What to do if you are healthy or get cancer
Give up smoking and if you are a young female, give up smoking yesterday. Smoking contributes to 30 per cent of all cancers, including cancers of the bladder, cervix, throat, kidney and mouth. It is responsible for 90 per cent of lung cancer, which kills one person every 15 minutes in the UK. The incidence is still rising in women. Giving up smoking, on average, adds three years to your life. Most chemotherapy drugs cannot match that result.
Change your diet. A third of all cancers have links to diet. The World Health Organisation has just published a report confirming that fruit and vegetables consumption reduces the risk of cancer of the lung, stomach and oesophagus. The WHO working group estimates that one in ten cancers in Western Europe is due to insufficient amounts of fruit and vegetables in the diet. The figure is likely to be much higher in Scotland, home of the deep-fried everything.
Exercise. Cancers of the breast and uterus have been linked to obesity in post-menopausal women and regular exercise may protect against cancer of the bowel and kidneys. One of the problems some cancer patients face is that they are not fit enough to undergo the most effective treatments. "You can't give an unfit lady with ovarian cancer in West Lothian, the treatment you would give to a social class one person in Holland because she will die of toxicity," says Dr Anna Gregor, lead cancer clinician for Scotland.
Reduce your alcohol intake. Heavy drinking can cause cancer of the mouth, throat and oesophagus. It may also be a risk factor for breast cancer. Alcoholics have an increased risk of getting cancer of the liver, pancreas and bowel.
Apply sun tan lotion. There are 46,000 new cases of skin cancer each year in Britain and the numbers are rising. Most are curable but many are preventable.
Don't be shy. In general the earlier the diagnosis, the better the prognosis. The prospects for breast, skin, testicular and bowel cancer, in particular, are much better if caught early. Suspicious changes in those organs should be reported to your GP immediately. 15,000 Scots die of cancer each year. So far nobody has died of embarrassment.
Go for screening. There is great controversy about the value of screening programmes, although the Swedes, who have some of the best cancer statistics in the world, say their breast cancer deaths have dropped by half following the introduction of a routine screening programme. In Scotland we screen for breast and cervical cancer. There are pilot schemes screening for bowel cancer in Fife, Tayside and Grampian which are expected to be rolled out nationwide. Some experts feel screening catches too few cases to justify the cost. If you are one of the few that doesn't tend to be an issue.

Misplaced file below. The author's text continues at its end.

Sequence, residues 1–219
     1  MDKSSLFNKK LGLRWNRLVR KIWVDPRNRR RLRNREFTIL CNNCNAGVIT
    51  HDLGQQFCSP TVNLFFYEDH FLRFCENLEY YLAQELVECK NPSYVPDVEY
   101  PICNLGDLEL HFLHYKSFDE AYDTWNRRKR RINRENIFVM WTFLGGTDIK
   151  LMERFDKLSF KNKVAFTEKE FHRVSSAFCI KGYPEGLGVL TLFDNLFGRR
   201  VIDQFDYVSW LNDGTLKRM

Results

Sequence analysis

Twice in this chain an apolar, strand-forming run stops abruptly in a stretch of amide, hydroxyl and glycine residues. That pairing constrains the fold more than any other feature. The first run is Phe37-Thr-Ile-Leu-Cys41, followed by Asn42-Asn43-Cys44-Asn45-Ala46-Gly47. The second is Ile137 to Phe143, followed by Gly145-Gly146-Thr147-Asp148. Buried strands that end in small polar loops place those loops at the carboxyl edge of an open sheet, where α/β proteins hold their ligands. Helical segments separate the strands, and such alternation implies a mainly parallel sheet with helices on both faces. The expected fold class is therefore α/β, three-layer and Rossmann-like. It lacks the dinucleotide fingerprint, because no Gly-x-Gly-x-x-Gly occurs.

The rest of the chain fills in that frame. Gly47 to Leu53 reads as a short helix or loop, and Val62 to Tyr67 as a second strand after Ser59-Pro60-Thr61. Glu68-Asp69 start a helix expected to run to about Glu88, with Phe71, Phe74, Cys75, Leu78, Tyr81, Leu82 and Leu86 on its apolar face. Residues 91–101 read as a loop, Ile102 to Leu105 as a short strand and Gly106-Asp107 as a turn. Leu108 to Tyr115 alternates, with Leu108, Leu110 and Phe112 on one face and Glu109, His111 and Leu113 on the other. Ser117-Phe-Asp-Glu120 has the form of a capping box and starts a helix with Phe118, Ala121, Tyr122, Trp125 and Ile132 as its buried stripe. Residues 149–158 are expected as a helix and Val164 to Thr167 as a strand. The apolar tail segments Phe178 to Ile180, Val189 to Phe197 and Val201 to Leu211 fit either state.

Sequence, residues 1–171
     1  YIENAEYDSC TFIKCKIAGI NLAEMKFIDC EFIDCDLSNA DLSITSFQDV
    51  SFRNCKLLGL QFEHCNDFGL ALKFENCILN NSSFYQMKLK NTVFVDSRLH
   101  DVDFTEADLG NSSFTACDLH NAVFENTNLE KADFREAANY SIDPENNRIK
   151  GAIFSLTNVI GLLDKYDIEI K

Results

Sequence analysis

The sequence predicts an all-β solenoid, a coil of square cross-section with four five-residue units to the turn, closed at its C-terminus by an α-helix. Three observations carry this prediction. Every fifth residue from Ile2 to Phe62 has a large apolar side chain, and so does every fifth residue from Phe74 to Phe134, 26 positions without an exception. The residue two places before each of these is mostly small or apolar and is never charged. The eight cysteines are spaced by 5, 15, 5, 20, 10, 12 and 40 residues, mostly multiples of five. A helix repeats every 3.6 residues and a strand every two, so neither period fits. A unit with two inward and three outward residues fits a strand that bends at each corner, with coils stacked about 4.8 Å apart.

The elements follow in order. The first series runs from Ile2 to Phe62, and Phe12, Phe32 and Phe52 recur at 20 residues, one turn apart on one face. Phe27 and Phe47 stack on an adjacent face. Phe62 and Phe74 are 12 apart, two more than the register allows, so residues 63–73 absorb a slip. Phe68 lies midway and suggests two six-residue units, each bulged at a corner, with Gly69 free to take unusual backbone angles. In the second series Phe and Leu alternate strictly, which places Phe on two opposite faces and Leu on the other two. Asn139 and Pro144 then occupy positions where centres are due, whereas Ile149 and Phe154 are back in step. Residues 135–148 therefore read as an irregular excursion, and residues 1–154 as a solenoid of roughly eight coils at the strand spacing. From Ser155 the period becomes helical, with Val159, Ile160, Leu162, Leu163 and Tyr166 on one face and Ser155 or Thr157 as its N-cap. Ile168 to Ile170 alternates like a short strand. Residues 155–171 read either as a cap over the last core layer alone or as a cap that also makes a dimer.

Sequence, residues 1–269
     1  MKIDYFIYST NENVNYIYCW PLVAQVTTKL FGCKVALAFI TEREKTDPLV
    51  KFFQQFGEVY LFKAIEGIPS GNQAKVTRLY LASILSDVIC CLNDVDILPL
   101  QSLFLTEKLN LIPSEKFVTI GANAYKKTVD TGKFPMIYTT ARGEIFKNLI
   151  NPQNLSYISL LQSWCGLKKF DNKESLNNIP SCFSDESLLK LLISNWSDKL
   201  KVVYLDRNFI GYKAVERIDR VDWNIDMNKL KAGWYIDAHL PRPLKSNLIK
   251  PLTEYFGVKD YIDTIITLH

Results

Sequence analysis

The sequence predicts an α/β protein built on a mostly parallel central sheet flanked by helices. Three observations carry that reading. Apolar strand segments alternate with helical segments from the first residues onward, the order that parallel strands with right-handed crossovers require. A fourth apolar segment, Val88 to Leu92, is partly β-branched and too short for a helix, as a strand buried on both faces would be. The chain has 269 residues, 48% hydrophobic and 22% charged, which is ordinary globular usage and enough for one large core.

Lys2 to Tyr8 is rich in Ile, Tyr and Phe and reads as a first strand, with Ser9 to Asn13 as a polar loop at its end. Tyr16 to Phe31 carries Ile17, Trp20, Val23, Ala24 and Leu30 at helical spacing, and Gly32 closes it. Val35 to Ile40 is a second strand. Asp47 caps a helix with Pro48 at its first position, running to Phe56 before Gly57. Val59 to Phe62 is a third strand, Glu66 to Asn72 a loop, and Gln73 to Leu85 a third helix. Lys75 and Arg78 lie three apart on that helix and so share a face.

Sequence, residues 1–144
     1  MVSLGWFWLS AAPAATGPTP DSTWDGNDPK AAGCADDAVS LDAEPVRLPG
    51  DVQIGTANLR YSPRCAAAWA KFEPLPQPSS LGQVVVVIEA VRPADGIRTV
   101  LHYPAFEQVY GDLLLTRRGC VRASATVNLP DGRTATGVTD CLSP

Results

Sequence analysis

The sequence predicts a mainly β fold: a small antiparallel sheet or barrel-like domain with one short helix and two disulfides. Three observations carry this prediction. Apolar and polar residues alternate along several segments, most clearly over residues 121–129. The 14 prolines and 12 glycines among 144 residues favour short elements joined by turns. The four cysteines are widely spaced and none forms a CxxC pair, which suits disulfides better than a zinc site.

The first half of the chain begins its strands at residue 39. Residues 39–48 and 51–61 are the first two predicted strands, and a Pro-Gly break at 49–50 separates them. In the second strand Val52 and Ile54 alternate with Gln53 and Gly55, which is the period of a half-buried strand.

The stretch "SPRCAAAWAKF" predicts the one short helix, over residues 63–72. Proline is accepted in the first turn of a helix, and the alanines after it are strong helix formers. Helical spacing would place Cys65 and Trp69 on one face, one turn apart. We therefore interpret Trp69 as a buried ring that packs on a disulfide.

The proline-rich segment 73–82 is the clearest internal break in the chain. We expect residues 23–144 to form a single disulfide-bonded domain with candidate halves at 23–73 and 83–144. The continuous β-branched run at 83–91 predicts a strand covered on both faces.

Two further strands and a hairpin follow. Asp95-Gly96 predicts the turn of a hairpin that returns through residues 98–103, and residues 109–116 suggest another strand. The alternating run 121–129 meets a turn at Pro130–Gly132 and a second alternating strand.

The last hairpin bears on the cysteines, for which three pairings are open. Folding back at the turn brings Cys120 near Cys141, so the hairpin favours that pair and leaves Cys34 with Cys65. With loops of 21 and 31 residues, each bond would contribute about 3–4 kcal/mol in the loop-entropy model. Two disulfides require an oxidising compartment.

Chose your parents carefully Between 5 and 10 per cent of cancer is caused by faulty genes inherited from one or both parents. If half your aunts and uncles on one side of the family have died young from a particular cancer, alarm bells should be ringing. Get your GP to refer you to a specialist cancer genetics clinic where you can be offered advice on screening, prevention and possible genetic testing.
Move to a big city. John Smyth, professor of oncology at Edinburgh University, says: "If you choose to live on one of the islands your local medical access is not going to be as good as if you choose to live in Edinburgh or Glasgow". The new system of managed clinical networks is designed to eradicate geographical inequality in cancer care. It won't happen overnight, however.
Consider health insurance. In Scotland very little cancer care is carried out in the private sector but for some, it can mean the option of being treated at home. It can also mean getting new or expensive cancer drugs, which are sometimes rationed, on the NHS. It may allow you to jump queues. Private medicine doesn't mean better medicine, however, and private health insurance which covers cancer may not be cost effective for individuals. If a policy is available through work, it could be worth having though.
Be involved. Find out if your local health board offers multi-disciplinary team care for cancer and find out if it waiting times in your area are in line with national recommendations. If not, ask why. Attend the AGM and be persistent.
Be lucky You can do all of the above and still get cancer. One of the main causes of cancer is bad luck. It's not your fault.
Don't worry Whatever it is you've got, the chances are that it isn't cancer. 75 per cent of us will die from something else.
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Weather for Edinburgh
Saturday 18 May 2013
Temperature: 9 C to 13 C
Wind Speed: 18 mph
Wind direction: North east
Temperature: 9 C to 18 C
Wind Speed: 8 mph
Wind direction: North east